Red-tailed Tinfoil Barbs grow large and will swim in all areas of the aquarium. They need a school of five or more of their own kind and due to their size, 100 gallon tank minimum is suggested to keep a school. An external canister filter is needed to keep this messy fishes tank clean, and will aid in keeping high levels of oxygenation and water flow. Additionally the tank should be securely covered as these fish are skilled jumpers, and will probably do so if given the opportunity.
A setup that replicates their natural habitat of flowing rivers and streams is much appreciated. Add a river manifold or powerheads o create currents and provide a substrate of sand or gravel with scattered smooth rocks and pebbles. These fish are large and can knock over most decorations. Large pieces of drift wood and firmly anchored plants make a great decor. Make sure plants are not soft leaved or they may feed on them. Immaculately planted tanks won't work well with this fish as it will gladly devour all but the sturdiest of aquarium plants.
Minimum Tank Size: 100 gal (379 L)
Suitable for Nano Tank: No
Substrate Type: Any
Lighting Needs: Moderate - normal lighting
Temperature: 72.0 to 81.0° F (22.2 to 27.2° C)
Range ph: 6.5-7.5
Hardness Range: 2 - 10 dGH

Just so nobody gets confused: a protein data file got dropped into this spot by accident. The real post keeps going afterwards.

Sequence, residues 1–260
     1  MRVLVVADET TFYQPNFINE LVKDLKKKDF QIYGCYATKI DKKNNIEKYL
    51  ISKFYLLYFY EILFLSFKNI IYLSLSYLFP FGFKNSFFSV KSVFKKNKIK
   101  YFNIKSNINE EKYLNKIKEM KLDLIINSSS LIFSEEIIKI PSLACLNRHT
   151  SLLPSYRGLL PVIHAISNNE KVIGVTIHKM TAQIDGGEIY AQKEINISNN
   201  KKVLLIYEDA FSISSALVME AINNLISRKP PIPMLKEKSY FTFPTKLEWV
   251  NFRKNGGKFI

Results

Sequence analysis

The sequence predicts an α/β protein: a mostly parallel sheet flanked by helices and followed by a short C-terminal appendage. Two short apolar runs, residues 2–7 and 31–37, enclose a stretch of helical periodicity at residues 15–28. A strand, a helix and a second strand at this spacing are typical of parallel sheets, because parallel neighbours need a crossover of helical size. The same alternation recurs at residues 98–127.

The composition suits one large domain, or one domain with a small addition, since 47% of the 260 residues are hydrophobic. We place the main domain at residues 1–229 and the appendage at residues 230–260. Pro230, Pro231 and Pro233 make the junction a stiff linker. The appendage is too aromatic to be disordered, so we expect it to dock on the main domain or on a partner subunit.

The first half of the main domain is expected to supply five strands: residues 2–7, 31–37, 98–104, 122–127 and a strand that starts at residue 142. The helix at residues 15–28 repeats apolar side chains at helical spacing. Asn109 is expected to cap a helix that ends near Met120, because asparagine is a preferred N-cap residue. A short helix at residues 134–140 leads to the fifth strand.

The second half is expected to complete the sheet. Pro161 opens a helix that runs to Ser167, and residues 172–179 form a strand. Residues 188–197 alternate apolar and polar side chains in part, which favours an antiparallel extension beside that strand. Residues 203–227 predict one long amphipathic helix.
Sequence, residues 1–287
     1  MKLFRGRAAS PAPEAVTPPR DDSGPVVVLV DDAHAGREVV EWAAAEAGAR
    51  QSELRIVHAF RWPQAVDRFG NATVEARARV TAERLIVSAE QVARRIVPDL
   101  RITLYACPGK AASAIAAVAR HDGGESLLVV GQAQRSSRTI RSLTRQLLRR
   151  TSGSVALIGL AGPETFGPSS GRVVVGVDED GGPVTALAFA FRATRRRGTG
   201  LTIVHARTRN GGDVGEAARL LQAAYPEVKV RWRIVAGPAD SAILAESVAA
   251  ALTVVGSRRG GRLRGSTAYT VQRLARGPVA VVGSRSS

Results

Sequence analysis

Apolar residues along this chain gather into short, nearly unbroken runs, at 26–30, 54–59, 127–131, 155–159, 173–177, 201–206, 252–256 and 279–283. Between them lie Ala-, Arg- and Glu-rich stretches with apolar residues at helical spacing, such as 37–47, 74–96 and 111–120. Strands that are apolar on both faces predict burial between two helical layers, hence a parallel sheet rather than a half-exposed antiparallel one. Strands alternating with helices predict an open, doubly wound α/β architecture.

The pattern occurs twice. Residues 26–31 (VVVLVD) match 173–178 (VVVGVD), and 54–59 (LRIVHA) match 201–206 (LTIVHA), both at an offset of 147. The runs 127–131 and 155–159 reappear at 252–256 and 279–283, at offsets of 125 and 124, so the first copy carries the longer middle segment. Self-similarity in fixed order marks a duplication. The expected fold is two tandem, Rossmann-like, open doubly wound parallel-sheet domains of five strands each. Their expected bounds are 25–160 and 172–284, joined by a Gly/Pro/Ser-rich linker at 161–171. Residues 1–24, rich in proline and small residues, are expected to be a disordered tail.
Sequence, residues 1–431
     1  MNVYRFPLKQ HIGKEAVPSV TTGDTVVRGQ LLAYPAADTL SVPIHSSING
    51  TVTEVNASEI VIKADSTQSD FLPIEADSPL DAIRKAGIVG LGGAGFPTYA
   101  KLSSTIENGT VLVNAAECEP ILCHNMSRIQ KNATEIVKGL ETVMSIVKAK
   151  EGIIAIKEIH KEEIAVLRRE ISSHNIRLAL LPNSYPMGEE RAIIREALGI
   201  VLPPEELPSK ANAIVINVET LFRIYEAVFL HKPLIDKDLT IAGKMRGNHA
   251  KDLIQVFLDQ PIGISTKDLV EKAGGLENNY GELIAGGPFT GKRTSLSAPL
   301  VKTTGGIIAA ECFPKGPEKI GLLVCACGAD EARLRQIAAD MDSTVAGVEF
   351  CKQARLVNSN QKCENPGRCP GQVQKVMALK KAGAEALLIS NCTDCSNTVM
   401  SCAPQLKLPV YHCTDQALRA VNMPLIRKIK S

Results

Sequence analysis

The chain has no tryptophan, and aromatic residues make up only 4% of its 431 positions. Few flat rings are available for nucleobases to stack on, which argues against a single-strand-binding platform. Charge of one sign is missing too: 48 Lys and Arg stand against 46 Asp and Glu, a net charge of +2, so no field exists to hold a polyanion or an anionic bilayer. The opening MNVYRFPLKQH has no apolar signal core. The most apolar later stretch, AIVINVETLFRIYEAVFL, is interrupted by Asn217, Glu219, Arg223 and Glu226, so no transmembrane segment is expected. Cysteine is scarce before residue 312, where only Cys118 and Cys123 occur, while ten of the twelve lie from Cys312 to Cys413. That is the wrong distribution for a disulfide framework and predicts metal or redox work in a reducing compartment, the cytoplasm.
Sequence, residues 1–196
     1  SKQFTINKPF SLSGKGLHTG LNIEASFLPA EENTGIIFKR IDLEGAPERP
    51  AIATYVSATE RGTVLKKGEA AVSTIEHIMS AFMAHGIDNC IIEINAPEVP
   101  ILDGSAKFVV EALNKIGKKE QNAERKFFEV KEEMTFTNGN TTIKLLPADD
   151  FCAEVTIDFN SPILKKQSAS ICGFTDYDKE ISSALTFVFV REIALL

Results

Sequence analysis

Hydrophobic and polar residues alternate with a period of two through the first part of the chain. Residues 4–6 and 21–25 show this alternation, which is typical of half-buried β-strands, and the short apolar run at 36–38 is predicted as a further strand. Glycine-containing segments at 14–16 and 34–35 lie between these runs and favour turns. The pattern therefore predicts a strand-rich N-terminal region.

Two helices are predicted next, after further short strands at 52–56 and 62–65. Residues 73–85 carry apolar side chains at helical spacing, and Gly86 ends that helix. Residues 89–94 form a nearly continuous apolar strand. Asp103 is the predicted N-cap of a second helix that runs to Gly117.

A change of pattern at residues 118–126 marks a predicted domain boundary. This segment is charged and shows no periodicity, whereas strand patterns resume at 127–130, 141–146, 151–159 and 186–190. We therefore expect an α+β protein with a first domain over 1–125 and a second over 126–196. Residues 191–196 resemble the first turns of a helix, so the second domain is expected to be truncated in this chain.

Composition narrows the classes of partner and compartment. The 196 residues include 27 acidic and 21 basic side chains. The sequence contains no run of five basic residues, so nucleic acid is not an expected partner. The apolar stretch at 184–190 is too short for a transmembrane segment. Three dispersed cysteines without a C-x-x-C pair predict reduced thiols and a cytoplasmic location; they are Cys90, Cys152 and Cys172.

Water Movement: Moderate
Water Region: All
The Red-tailed Tinfoil Barb is not an aggressive species, however they will eat small fish if they have the opportunity. Slow moving and shyer fish are n recommended as tankmates because the constant movements of this fish can stress them. The best tankmates are those of similar size and energy such as other cyprinids and characins, some cichlids, and catfish.
In nature they can be found swimming in large schools. In the home aquarium they will do best if kept with some of their own kind. If kept singly or in smaller groups they may become aggressive or overly shy, and fail to thrive. Groups of five or more will help to keep them happy.
Temperament: Semi-aggressive - Although rarely aggressive thenselves, these fish can keep up with a slightly rougher crowd. However fish small enough to be eaten will not last long in the Red-tail Tinfoil Barb's company.